My eyes need to be on the cost of my salvation. God gave his son that I might live. It hurt! In the Bible, it is not an accident that God asked the three Patriarchs for their sons. Abraham was asked to sacrifice his own son, Isaac. Isaac, in turn, lost Jacob, who feared for his life, running away from his brother Esau, and the Bible does not record his ever seeing his father, Isaac, again. Jacob spent years parted from his son, Joseph, being tricked by his own sons into believing a wild animal had taken his life. In all three generations, we have the father being pictured as being parted from his son. It cost God a lot to give his son. Though I believe the plan of God from eternity past was to give his only begotten son, yet it came at the greatest of costs. God the Father endured the separation of his son, and not only that, even took his wrath and poured it out upon his own son. There is more power exerted in the cross of Christ than was exerted in all of the heavenly creation. It took that much, that I might be saved.
In light of what he did in my behalf, should not I be constant in giving myself to him? How willing we ought to be, who have been redeemed from sure condemnation. But we are in mortal bodies after all, and though we await our redemption from sin, we still find ourselves totally unable to live a life pleasing to God. Except. For. One. Thing.
He has given to us that same Spirit that we are not to grieve. That spirit, given to us, that we who are so frail and sinful, might give ourselves to him, and be filled with the very power and holiness of God himself. If it were not true, it would be blasphemy to say such a thing—that God pours himself into each one of us, gifting us with his very nature. Yet it is the very thing that God has done, and what a wonder it is!
In my early years of walking with Christ, I came to dub the process of dealing with sin, “spiritual breathing”. It is, I think, my own term, and is not from the Bible, though I hope to show the principles are indeed from the Bible. When we sin, and we will and do each day, we have seen that we are already forgiven. When Paul reveals this great truth in Romans, that we should be free from the penalty of sin, he also teaches that we are not to take advantage of it, that we are not proving the glory of God by excelling in sin. Rather the opposite. We turn from sin, that we might show the world that Christ is in us.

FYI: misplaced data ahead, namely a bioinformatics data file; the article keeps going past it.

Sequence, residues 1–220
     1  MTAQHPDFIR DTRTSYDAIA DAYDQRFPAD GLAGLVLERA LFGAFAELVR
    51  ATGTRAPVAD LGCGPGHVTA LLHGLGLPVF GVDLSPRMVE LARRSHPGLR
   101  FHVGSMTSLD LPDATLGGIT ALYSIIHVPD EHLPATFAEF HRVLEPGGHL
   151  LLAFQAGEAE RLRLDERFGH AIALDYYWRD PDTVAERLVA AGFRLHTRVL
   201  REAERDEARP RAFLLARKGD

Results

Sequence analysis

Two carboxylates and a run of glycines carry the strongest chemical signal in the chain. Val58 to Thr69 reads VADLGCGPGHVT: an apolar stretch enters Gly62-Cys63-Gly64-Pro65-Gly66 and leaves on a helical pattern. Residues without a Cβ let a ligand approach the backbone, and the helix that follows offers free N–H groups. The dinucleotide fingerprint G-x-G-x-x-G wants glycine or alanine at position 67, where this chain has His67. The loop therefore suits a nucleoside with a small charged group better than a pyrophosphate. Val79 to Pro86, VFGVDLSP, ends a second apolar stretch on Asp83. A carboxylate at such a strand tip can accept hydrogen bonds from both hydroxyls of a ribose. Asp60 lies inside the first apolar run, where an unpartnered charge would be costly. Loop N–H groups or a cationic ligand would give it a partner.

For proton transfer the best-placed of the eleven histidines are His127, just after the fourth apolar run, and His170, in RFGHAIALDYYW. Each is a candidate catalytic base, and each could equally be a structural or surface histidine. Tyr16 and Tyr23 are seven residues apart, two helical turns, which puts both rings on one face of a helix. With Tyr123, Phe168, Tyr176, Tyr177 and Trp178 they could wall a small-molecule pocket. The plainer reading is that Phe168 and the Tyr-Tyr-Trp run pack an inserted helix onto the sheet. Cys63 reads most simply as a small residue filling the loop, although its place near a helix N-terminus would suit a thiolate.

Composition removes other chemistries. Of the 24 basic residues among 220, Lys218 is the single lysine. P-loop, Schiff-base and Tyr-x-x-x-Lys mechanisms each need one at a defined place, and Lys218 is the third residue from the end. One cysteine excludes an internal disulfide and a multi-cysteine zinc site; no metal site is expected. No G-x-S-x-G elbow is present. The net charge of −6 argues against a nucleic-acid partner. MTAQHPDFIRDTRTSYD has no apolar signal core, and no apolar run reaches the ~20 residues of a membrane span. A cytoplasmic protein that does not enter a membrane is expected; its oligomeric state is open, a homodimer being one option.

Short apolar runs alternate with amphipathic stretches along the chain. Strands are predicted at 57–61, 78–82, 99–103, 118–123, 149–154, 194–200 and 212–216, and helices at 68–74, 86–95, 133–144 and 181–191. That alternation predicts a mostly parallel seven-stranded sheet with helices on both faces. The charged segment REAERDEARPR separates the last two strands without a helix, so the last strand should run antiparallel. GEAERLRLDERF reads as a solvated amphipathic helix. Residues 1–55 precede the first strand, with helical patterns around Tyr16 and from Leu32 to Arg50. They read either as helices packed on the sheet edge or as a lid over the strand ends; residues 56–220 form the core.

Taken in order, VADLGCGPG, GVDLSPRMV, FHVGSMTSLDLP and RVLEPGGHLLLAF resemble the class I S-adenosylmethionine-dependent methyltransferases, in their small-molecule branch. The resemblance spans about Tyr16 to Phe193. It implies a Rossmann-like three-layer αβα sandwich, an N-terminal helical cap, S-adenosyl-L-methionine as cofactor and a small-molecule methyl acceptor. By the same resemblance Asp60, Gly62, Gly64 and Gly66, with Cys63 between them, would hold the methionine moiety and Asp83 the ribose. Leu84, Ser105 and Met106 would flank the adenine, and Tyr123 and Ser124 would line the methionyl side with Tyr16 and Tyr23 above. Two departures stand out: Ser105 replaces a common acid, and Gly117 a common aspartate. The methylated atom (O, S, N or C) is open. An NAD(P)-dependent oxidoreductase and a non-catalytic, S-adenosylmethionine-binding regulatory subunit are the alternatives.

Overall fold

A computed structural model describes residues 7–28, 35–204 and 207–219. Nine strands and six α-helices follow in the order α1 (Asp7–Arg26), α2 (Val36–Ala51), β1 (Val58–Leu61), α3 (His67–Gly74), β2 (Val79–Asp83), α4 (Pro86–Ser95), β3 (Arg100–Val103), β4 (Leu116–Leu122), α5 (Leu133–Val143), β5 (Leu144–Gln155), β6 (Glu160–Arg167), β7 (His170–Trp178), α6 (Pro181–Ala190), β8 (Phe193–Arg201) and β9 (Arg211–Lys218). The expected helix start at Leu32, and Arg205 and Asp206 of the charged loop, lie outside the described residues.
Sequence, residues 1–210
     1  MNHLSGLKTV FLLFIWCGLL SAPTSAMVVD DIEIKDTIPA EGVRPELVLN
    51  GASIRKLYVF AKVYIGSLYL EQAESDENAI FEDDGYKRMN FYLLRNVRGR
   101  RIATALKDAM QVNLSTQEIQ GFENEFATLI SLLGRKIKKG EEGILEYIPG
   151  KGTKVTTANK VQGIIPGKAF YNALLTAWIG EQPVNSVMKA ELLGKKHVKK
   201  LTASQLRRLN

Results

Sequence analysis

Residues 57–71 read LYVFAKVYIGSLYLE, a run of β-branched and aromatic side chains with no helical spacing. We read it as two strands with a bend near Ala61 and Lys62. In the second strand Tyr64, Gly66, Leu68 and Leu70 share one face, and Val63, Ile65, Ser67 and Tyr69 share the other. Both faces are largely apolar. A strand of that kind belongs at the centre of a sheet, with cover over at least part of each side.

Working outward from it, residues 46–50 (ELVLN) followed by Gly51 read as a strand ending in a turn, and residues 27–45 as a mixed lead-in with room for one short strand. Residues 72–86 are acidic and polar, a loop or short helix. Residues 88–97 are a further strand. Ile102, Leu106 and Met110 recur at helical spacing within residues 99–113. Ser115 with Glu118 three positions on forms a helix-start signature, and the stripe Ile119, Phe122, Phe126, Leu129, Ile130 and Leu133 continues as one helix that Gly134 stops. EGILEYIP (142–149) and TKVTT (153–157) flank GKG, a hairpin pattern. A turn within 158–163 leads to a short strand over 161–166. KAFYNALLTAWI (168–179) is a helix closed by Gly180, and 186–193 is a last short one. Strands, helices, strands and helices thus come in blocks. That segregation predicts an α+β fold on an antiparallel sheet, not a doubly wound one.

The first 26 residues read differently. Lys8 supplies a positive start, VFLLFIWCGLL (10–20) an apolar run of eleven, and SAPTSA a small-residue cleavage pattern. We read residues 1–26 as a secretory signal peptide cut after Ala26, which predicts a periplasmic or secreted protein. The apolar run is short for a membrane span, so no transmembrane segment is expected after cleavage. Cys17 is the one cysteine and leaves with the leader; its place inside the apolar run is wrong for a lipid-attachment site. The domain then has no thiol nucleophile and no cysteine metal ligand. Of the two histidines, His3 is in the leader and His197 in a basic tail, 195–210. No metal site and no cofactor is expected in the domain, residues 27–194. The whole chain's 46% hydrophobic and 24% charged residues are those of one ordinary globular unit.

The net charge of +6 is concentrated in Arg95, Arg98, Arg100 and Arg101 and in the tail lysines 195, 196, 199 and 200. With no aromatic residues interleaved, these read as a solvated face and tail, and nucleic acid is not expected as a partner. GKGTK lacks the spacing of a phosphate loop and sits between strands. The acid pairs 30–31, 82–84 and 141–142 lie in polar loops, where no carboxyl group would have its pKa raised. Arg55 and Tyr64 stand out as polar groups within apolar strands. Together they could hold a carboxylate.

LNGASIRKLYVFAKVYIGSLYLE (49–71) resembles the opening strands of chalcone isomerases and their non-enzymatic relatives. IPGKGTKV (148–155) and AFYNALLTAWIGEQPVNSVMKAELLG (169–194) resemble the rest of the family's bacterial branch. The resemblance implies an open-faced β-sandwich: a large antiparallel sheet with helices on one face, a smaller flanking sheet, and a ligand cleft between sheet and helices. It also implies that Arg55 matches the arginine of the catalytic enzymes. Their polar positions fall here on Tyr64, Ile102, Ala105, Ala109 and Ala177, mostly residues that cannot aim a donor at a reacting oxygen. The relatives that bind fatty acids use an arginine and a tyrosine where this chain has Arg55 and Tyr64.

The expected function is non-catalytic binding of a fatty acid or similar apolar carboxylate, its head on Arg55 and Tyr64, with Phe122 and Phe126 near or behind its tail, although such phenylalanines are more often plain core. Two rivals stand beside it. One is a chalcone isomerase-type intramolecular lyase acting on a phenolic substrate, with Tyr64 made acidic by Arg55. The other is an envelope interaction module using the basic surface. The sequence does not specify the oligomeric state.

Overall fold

But when we do sin, the scripture says, we have an advocate with God, even Jesus Christ, and we know we are his if we keep his commandments. When we fail, we already have the forgiveness of God, but John (1 John 1:9) says that when we fail, we must confess, or agree, with God. Always God is there with his forgiveness through Jesus Christ, but we need to agree with God that sin is sin, and we need to turn from it.
Thus, when I sin, I inhale—or take sin into my body, and when I confess—I exhale, or I confess with God my sins. It is something that needs practice and discipline—for spiritual breathing is not what our true nature wants to do. Scripture says, “In him dwells all the fullness of the godhead bodily.” But the next verse, again, if it were not in the Bible, would probably again be thought blasphemy. “And you have been given fullness in Christ.” God himself has been placed within us. We live not in the weak vessels that we have not yet shed. No! Instead, we are to show the very God placed within us—his fullness dwells in us.
And we are called, not to live a sinless life, but rather to live a life dedicated to letting the Spirit mold and make us into the very image of Jesus Christ himself. Among other things we are to exhibit the fruits of the Spirit: love, joy, peace, patience, kindness, goodness, faithfulness, gentleness, and self-control. And that is the victorious Christian life! To think that God himself would be in us, and to think that is what all Christians are called to! That confession should mark our way, every day. The spiritual Christian will seek to keep the lowest ledger possible, keeping his sin regularly confessed, just as though he were breathing. That is how unrepented sin is to be treated.